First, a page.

Two Themes Emerge: Absence & Disillusionment
Two themes would emerge: Absence and the band’s growing disillusionment with the record industry.
Waters came up with “Have a Cigar” and “Welcome to the Machine”, two songs attacking the music business and it’s eternal quest for the next big hit so record companies can fill their coffers off the backs of their recording artists – throwing them into the money-making machine.
For “Have A Cigar”, neither Waters nor Gilmour could lay down a vocal that they thought suited the tone of song. They even tried singing it together, to no avail.
So they enlisted Roy Harper to handle vocals on that song, as he was working down in another Abbey Road studio.
And Harper nailed the tone of the lyrics as a greedy record exec who knows nothing about the artists working for him and only seeks to make more cash for the company.
“Everybody thought it was Roger,” said Harper in the Wish You Were Heredocumentary. “I was a bit peed off at that.”
Shine On You Crazy Diamond: An Ode to Syd Barrett
“Shine On You Crazy Diamond” is all about Syd Barrett, one of Floyd’s founding members who was let go in 1968 because of his erratic behavior and apparent schizophrenia.
“He was kind of a crazy diamond and all of the things (the song) says about him in those brilliant lines are very, very accurate,” said Gilmour, who replaced Barrett. “‘You wore out your welcome with random precision’ was certainly a part of him.”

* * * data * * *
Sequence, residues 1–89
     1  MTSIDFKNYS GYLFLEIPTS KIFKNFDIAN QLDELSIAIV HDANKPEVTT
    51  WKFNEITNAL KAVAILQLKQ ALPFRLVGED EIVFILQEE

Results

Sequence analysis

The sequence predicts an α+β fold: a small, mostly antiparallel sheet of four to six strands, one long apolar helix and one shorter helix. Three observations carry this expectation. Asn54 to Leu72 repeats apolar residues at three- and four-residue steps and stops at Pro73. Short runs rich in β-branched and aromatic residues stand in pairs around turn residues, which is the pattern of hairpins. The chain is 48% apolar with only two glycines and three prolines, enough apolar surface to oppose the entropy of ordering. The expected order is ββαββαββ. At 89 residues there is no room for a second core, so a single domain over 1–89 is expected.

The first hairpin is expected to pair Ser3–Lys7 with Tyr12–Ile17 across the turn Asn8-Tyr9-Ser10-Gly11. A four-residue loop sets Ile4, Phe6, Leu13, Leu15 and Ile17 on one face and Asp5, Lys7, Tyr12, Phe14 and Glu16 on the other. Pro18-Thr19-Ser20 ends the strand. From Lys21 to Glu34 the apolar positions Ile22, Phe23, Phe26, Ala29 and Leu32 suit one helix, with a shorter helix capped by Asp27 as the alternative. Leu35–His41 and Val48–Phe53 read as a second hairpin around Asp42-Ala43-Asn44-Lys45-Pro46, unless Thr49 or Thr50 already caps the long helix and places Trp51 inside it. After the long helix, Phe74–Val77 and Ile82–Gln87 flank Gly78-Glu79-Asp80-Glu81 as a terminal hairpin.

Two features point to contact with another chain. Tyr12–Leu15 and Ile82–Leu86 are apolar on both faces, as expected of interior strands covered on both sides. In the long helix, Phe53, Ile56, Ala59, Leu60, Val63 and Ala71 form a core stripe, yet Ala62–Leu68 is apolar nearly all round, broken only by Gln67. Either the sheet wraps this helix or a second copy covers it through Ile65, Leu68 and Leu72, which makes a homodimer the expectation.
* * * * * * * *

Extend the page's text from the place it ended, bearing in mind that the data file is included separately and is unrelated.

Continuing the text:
Waters wanted it to be a song “to get as close as possible to what I felt … that sort of indefinable, inevitable melancholy about the disappearance of Syd.”
Wright plays a brilliant keyboard piece as a tribute to Barrett that closes out the last 3:20 of “Shine On” (which is Part IX).
Shockingly for the four members of Pink Floyd, Barrett actually showed up in the studio on June 5, 1975, as they were working on the final mix for “Shine On”. But he wasn’t the elegant, wasted rock star they’d seen seven year earlier. Barrett was bald and very overweight, so nobody recognized him as he stood in the control room.
“How remarkable, how long it was before anyone actually woke up,” said Gilmour, who was the first to recognize the man as Syd Barrett during those extremely awkward minutes. “And then we were all unbelievably shocked at his appearance. (He’d) turned rather balloon shaped, had no eyebrows and little hair.”
Storm Thorgerson, who did the covers for Wish You Were Here and Dark Side of the Moon, noted that both Waters and Gilmour cried when they finally recognized Barrett.
Absence in Wish You Were Here
The song “Wish You Were Here” isn’t so much about Barrett as it is about Waters thinking about absence. The song got its initial seed from Gilmour playing the opening riff, and when Waters heard it, he loved it. Both Waters and Gilmour wrote the chords for the rest of the song, with Waters penning the amazing lyrics.
“That collaboration between David and I is really good,” said Waters. “It’s a much more universal expression of my feelings about absence. Because I felt that we weren’t really there. We were very absent.”
Gilmour says “Wish You Were Here” does remind him of the man he replaced.
“‘Wish You Were Here’ has a broader remit. I can’t sing it without thinking about Syd,” said Gilmour. “Because of the resonance and the emotional weight it carries, it is one of our best songs.”